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    Who Has More Intimate Partner Violence, Gays Or Straights?
    By News Staff | March 4th 2014 02:23 PM | 5 comments | Print | E-mail | Track Comments

    Two analyses examined issues of sexual orientation and intimate partner violence, including its impact on substance abuse and physical and mental health.


    The first study found that homosexuals and bisexuals were more likely to be involved in intimate partner violence. In the second study, homosexual or bisexual victims of intimate partner violence were more likely to use drugs and alcohol and have health issues compared to heterosexual victims. They found the was risk compounded if one of the couple had experienced abuse as a child.

    Homosexuals and bisexuals had 36 percent more likelihood than heterosexuals of being involved in intimate partner violence - in the dataset the totals were 50 percent and 32 percent respectively. The dataset was a sample of 7,216 women and 6,893 men from the National Violence Against Women Survey from 1995 and 1996.

    "The finding of higher rates of adult IPV victimization for non-heterosexual child abuse victims lend support to the need for special social welfare programs for non-heterosexual victims, programs which are currently severely lacking," the report said. 

    The second study, using the same data from the National Violence Against Women Survey, found that homosexual and bisexual victims of intimate partner violence are more likely to abuse drugs and alcohol following their victimization, with 35 percent turning to drugs compared to 23 percent among heterosexuals. In addition, non-heterosexual victims were at higher risk of alcohol abuse and health problems, although heterosexual victims were more likely to suffer mental health issues, the study found.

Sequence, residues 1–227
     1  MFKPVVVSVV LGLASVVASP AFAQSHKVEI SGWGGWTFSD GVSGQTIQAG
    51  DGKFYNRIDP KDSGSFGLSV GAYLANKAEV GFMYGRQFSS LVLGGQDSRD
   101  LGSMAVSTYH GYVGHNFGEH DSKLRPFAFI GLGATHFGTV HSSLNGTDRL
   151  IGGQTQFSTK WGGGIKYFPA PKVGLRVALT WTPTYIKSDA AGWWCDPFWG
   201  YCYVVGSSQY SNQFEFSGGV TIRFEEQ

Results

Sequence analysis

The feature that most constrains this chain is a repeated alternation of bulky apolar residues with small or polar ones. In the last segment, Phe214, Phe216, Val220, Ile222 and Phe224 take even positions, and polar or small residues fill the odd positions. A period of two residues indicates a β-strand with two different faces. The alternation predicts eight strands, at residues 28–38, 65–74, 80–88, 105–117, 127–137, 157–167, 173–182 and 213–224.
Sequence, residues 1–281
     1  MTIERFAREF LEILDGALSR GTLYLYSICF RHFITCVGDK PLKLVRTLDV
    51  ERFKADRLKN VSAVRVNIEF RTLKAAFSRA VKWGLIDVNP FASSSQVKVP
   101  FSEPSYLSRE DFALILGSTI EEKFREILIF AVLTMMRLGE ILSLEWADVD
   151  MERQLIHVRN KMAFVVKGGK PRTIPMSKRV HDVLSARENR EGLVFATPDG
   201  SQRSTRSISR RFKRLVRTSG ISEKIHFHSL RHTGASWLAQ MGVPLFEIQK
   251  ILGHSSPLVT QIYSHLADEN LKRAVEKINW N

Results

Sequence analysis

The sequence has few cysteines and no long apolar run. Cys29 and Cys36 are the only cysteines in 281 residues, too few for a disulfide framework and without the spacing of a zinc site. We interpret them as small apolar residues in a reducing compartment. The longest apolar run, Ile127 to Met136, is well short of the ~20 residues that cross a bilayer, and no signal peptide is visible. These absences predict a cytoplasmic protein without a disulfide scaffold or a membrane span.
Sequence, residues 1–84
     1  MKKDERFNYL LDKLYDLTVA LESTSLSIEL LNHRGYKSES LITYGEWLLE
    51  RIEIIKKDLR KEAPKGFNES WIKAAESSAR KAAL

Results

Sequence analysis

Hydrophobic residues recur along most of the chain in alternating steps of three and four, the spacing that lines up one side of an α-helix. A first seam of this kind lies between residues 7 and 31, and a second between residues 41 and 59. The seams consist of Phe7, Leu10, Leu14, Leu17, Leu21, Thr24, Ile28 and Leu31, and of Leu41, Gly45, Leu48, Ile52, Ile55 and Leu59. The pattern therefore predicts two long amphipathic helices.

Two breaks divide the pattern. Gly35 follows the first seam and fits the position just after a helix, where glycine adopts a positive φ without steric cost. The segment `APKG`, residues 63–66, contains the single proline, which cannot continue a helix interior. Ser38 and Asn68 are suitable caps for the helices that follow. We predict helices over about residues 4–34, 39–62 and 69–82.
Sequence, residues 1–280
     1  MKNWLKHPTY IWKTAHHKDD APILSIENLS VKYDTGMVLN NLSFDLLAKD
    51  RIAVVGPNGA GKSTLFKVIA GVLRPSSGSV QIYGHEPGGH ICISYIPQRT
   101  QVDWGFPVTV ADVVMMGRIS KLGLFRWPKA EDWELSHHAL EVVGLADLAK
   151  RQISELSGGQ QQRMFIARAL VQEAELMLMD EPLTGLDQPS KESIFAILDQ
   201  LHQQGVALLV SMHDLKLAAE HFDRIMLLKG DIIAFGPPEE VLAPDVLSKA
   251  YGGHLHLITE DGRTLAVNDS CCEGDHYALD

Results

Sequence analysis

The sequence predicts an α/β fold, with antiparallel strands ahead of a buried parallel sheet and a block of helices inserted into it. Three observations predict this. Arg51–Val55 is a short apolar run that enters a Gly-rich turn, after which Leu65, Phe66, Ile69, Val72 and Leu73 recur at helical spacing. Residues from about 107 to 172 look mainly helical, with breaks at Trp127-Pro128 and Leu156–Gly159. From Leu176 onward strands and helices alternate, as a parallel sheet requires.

The results were released by the Crime Victims' Institute at Sam Houston State University, which studies the impact of crime on its victims, relatives and society and makes policy recommendations for improvements to the adult and juvenile criminal justice systems. 


    "The Consequences of Intimate Partner Violence Victimization By Sexual Orientation" (2014) by Maria Koeppel, Leana A. Bouffard. Upcoming in Violence and Victims and Women and Criminal Justice.

    Comments

    How is data from so long ago relevant to today? Back in that era, gays and lesbians were "outlaws," and life was tough for ostracized people on the fringes. What would actually be useful would be to compare this old, outdated info to similar data collected today - now that gays and lesbians are recognized as regular people who live normal lives and can get legally married. I predict such a comparison would reveal that there's more of a difference between people of that era and people of this era, than there is between gays and straights today. I don't believe that reported elevated levels of intimate violence is related to sexual orientation per se, but rather to the nature of the society in which it's studied.

    Hank
    Outlaws? "Will&Grace" was a hit on prime-time television. So was the Ellen Degeneres show "Ellen". You think people did not know both she and Sean Hayes were actually gay?

    You seem to think the 1990s were some sort of barbaric dark ages, which means your information is more outdated than the authors'.
    Are you saying things are no different now from the way they were 20 years ago? And do you actually believe that intimate violence is somehow inherently more prevalent in gay couples than in straight couples? Evidence, please.

    Hank
    The whole paper is rubbish, I was simply objecting to your made-up assertion that until two years ago partner violence was caused by mean old society.  People who commit violence are responsible, you attempting to make gay violence exculpatory and instead the fault of the rest of America is complete bullshit. As evidence, I noted that conservative network television was not having multiple shows starring/about gay characters in the 1990s if America was all the one-dimensional caricature you childishly painted.
    Hank, my friend, why are you so hostile? I haven't said anything unpleasant, but it seems to me your default response is antagonism. I think it is you who is, to use your word, "childish."